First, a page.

Why would Iowa, or anyone else, let it be known that they have preseason All-Big Ten selections?
Did most of what was projected for the 2010 Hawkeyes not turn out to be wildly optimistic? I look to what Phil Steele’s 2010 College Football Preview said. Iowa was picked second in the Big Ten and No. 14 in the nation. In individual units, he had the Hawkeyes’ defensive line third-best in the nation and its secondary fifth-best. Those certainly didn’t come to fruition.
I could continue, but you get the idea. These lists mean nothing. Steele is one of the best at what he does, but things change, the ball bounces funny, and some teams and players get better while others stall and even recede.
Steele’s preseason first-team All-America quarterback last year was Ohio State’s Terrelle Pryor. His second-team QB was Case Kellum of Houston, his third-team QB was Ryan Mallett of Arkansas, and his fourth-team QB was Jake Locker of Washington. Those picks made total sense last summer. But in December, Auburn’s Cam Newton and Stanford’s Andrew Luck were 1-2.
LaMichael James of Oregon was on Steele’s fourth-team at running back. He was the college game’s running back of the year.
Defensive tackle Nick Fairley of Auburn was everybody’s All-American at season’s end. Not so much in the preseason.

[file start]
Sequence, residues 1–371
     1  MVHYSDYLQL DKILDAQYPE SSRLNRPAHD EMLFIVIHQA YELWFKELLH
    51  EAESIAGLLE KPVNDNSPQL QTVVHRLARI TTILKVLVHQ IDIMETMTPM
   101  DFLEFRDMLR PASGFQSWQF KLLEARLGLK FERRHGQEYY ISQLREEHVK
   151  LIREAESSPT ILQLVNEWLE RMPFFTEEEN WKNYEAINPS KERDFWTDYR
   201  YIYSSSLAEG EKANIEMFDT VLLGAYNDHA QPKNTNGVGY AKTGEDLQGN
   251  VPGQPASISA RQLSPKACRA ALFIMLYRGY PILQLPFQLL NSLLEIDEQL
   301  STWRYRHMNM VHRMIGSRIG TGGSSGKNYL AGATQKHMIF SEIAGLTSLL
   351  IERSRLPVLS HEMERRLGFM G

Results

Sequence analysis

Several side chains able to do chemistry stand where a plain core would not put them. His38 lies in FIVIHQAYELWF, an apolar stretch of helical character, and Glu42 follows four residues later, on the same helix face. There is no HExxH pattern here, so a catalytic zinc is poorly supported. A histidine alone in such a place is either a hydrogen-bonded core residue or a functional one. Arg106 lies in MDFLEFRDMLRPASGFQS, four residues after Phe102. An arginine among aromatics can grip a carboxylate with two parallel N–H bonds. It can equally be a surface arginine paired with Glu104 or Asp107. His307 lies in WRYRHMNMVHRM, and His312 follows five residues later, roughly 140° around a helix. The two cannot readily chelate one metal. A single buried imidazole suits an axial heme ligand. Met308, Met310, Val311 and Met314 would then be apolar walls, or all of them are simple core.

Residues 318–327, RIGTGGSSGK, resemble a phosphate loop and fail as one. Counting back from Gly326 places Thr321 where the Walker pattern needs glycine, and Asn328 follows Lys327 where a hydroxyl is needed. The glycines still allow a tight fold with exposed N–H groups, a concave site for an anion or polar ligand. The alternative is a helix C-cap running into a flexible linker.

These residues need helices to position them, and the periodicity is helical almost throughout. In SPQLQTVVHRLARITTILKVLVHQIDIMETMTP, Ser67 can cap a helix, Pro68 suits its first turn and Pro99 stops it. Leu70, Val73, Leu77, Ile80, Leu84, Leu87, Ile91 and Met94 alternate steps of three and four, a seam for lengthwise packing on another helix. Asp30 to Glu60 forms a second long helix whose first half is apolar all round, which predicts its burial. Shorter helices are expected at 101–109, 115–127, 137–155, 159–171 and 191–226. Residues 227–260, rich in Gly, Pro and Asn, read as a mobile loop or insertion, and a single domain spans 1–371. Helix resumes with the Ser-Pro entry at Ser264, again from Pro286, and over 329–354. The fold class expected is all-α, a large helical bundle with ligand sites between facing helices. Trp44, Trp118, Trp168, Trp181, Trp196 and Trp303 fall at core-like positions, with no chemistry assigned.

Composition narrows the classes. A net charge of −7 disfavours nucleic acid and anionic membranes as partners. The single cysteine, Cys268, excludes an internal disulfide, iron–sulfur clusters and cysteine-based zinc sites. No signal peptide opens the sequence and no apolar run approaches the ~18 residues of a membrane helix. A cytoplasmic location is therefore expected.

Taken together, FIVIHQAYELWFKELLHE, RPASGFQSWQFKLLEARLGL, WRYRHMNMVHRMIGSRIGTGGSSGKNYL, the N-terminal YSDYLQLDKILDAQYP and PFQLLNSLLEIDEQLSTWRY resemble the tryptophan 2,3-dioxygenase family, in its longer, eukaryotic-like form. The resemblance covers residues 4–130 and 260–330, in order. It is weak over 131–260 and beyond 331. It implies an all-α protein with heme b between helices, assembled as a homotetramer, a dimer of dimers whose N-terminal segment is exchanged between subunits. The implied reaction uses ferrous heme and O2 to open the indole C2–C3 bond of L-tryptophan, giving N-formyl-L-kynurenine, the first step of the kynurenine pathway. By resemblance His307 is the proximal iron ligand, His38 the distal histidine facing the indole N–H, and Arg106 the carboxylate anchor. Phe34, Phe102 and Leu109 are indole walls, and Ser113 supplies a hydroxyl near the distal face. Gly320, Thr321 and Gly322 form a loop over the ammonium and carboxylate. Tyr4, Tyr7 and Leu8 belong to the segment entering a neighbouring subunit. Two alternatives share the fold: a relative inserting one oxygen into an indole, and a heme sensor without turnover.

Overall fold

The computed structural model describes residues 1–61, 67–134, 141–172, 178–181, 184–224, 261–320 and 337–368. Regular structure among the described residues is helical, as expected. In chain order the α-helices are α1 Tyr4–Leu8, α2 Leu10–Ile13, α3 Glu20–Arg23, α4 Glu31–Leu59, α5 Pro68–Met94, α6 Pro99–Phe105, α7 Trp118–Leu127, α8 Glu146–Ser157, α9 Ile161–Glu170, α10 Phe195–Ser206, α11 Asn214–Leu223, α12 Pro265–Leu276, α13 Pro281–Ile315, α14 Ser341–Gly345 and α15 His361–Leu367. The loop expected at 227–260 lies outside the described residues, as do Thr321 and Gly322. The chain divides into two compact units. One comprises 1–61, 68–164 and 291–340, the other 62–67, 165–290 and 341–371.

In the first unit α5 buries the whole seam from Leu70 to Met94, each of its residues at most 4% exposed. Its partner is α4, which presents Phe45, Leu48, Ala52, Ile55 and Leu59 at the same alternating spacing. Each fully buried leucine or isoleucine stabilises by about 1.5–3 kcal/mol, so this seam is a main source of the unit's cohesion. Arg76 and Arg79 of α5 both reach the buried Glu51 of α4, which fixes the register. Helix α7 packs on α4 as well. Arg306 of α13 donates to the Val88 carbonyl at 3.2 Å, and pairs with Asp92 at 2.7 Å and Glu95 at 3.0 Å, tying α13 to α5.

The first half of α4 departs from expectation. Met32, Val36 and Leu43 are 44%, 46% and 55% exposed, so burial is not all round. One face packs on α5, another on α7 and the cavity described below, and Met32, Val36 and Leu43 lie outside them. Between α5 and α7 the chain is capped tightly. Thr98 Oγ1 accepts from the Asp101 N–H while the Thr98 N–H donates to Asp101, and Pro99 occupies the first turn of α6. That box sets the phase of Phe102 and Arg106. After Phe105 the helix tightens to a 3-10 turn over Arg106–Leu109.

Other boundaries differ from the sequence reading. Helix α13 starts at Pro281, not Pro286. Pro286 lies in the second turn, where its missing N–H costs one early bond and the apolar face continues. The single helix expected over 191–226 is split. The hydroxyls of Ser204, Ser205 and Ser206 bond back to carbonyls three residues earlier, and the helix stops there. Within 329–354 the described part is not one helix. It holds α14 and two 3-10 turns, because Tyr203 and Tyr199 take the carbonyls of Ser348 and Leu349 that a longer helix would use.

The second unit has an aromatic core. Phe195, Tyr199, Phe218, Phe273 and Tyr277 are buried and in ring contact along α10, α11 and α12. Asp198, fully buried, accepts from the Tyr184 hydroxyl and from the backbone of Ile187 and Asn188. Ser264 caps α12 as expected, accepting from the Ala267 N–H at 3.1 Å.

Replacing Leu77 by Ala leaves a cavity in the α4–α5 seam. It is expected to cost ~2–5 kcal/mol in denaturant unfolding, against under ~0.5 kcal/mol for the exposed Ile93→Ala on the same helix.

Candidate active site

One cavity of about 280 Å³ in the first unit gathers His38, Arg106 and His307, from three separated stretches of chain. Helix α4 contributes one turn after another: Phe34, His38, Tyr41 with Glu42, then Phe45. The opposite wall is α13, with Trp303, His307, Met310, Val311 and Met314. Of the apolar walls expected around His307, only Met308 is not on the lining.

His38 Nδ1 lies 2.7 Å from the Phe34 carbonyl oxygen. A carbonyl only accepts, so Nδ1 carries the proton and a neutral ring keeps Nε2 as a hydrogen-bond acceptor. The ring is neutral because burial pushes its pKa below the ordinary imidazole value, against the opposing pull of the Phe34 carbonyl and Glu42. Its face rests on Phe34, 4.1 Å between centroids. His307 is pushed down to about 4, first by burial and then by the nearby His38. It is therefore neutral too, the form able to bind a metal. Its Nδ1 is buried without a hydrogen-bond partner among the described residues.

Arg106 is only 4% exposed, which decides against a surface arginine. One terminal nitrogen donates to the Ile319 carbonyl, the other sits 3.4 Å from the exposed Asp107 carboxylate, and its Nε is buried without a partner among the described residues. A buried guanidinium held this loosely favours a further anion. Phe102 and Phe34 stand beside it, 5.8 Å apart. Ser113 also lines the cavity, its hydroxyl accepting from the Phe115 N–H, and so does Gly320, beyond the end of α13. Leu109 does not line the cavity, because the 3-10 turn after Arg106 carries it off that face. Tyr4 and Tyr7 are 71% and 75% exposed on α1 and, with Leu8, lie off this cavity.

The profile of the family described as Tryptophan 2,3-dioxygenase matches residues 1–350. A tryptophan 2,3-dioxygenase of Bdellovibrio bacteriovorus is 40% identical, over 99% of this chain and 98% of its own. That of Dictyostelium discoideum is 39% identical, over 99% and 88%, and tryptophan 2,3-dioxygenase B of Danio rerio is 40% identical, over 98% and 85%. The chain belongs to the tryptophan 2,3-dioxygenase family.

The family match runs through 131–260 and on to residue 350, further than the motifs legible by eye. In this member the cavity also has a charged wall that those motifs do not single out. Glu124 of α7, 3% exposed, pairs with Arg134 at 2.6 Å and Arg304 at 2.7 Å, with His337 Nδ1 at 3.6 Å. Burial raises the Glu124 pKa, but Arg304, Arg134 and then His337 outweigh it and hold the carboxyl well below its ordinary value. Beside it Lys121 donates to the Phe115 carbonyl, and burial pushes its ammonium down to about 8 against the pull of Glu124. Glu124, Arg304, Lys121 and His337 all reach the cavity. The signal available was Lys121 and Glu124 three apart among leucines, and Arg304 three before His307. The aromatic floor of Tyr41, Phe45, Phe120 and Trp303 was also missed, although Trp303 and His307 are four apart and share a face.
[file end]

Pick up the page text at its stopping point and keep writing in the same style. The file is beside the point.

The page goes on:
Adrian Clayborn of Iowa was a consensus first-team All-America in the preseason. CBSsports.com made Clayborn its preseason Defensive Player of the Year. His offensive counterpart was Kellen Moore of Boise State. Clayborn was on Associated Press’ third-team after the season. So was Moore. CBSsports also had Iowa safety Tyler Sash as a first-team preseason All-America. He wasn’t among the six safeties on AP’s postseason All-America teams.
Yet, sports information departments keep pumping out memos that proclaim their players are getting preseason honors.
I think Iowa has more postseason honorees in years in which it has fewer preseason acclaim. So if you want a good omen, Steele is counting down his preseason Top 30, and he’s up to No. 8. Iowa hasn’t been mentioned, and won’t be.
But Nebraska is 12th, Ohio State 15th, Wisconsin 23rd, Penn State 24th and Michigan State 28th. So don’t the Hawkeyes have the rest of the Big Ten right where they want it?